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Supreme Court Hears Three Major Cases On LGBTQ+ Rights

On October 8th, the Supreme Court heard three cases that may have landmark implications for the LGBTQ+ community. Tensions were extremely high as the court heard three consolidated cases regarding discrimination based on sexual orientation and gender identity. While the court’s ruling is not expected until sometime in 2020, it is very relevant for both employees and employers to be aware of the potential fallout depending on the court’s decision.

The Cases

The average person may conclude that LGBTQ+ people have essentially the same rights as heterosexual and cisgender people, especially after 2015’s ruling in Obergefell v. Hodges that gave same-sex couples the right to marry. However, the reality is much harsher. Many states (including South Carolina) offer almost no protections for LGBTQ+ people against discrimination, especially in employment. The Human Rights Council reports that only 33 states have any kind of anti-discrimination protections at all for LGBTQ+ people, and only 21 states ban such discrimination entirely.

The three plaintiffs before the Supreme Court on October 8 were all fired from their jobs for being gay or transgender. Lower courts ruled in different ways on their claims, but similar arguments were made in all three cases—that their sex affected their employer’s treatment of them. For example, an employer will not fire a cisgender woman for dressing as a woman, but as soon as a transgender woman comes out to her employer, she may be fired for doing the same thing. 

What Does This Mean For Me?

If you are a member of the LGBTQ+ community, nothing will change regarding your employment rights in the foreseeable future. Some localities have passed more wide-reaching anti-discrimination laws, such as Mount Pleasant and Richland County.  However, no statewide protections exist for LGBTQ+ people in hiring, firing, or any other part of the employment process. In addition, South Carolina has no statewide laws of any kind that explicitly protect same-sex couples.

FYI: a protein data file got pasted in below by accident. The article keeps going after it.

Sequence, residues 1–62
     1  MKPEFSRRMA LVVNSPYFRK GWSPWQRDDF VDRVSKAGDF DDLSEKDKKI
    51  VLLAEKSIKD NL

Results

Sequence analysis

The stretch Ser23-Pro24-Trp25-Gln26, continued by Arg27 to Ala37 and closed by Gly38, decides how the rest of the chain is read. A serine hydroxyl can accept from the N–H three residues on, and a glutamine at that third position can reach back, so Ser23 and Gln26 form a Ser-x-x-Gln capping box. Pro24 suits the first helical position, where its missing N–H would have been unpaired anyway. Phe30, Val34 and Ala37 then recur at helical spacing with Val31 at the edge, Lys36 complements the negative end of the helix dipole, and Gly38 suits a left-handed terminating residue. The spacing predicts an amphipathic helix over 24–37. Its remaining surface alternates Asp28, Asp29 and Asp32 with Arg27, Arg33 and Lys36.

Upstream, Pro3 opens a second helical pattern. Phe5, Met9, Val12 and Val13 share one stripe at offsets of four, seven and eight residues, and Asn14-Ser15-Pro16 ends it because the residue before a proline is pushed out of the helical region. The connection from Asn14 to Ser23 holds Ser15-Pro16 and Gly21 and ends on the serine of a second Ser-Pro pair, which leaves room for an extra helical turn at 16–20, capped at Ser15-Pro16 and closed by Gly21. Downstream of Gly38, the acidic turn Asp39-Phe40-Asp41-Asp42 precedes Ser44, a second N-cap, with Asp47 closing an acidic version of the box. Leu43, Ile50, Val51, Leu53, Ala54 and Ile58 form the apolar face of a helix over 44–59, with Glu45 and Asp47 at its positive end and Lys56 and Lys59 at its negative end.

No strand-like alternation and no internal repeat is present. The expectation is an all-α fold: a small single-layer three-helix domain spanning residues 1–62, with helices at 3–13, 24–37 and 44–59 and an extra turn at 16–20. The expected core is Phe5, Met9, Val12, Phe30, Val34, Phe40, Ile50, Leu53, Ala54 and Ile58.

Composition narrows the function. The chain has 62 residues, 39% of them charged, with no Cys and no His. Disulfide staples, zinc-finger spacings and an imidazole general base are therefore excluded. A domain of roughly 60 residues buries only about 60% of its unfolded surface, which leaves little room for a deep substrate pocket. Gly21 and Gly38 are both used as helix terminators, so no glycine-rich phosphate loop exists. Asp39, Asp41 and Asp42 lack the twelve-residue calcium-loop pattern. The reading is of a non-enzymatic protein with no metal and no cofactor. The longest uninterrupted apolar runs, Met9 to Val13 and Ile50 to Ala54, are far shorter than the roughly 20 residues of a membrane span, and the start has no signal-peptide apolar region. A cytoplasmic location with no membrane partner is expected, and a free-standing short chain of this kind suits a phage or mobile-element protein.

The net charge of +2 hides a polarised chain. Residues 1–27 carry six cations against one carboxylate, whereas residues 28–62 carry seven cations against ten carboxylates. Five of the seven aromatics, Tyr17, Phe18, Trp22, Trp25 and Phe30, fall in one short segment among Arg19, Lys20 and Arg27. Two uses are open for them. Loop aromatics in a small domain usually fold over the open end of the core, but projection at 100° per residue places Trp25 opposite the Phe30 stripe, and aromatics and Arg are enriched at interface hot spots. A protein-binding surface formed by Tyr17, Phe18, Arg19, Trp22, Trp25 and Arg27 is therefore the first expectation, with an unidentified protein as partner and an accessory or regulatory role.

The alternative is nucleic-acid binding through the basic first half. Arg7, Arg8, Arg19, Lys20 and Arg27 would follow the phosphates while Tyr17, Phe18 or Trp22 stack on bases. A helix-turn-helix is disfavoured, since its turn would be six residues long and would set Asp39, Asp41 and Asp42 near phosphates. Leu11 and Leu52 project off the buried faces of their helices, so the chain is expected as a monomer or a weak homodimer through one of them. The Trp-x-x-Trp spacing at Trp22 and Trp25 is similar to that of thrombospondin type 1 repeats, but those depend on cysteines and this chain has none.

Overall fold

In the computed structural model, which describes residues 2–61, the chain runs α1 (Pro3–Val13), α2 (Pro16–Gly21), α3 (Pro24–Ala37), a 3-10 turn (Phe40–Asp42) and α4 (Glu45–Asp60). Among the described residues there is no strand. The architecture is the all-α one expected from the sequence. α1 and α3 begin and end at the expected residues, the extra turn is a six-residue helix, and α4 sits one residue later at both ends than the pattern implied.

Nothing will change in South Carolina if the court rules against the plaintiffs in these consolidated cases. The municipalities with antidiscrimination ordinances will be permitted to keep them on the books, because a ruling like this would not bar protecting LGBTQ people—it would merely say that an employer is not required to protect them.

If the Supreme Court rules in the plaintiffs’ favor, however, it would be an immediate change—namely, that an employer is not permitted, under all but the rarest circumstances, to take negative action against an employee because of their sexual orientation or gender identity. Only time will tell.

Call A South Carolina Employment Discrimination Lawyer

While the public must wait for a ruling on the three cases, you may not have that kind of time. If you need help dealing with employment discrimination today, attorney A. Christopher Potts is ready to assist you. The firm of Hitchcock & Potts has had years of experience in this area of law and we are ready to put it to work for you. Don’t hesitate to contact us today.

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